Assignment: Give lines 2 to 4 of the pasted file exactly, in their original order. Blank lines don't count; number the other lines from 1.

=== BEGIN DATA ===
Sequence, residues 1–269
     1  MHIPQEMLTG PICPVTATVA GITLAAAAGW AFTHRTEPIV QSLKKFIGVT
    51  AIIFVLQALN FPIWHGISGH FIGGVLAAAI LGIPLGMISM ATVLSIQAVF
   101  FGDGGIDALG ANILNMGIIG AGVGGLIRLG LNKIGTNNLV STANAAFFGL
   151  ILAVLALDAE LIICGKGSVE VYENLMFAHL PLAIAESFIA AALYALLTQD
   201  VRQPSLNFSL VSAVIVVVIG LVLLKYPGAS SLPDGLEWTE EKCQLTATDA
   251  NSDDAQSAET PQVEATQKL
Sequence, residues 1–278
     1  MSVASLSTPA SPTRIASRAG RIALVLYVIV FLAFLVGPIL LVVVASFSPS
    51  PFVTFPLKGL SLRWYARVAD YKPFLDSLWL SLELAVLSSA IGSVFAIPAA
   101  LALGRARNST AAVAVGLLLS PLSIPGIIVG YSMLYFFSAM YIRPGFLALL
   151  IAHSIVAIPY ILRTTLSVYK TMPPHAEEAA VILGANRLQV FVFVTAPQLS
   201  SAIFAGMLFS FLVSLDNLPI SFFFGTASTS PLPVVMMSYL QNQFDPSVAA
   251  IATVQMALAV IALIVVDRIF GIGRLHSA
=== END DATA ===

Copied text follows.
     1  MHIPQEMLTG PICPVTATVA GITLAAAAGW AFTHRTEPIV QSLKKFIGVT
    51  AIIFVLQALN FPIWHGISGH FIGGVLAAAI LGIPLGMISM ATVLSIQAVF
   101  FGDGGIDALG ANILNMGIIG AGVGGLIRLG LNKIGTNNLV STANAAFFGL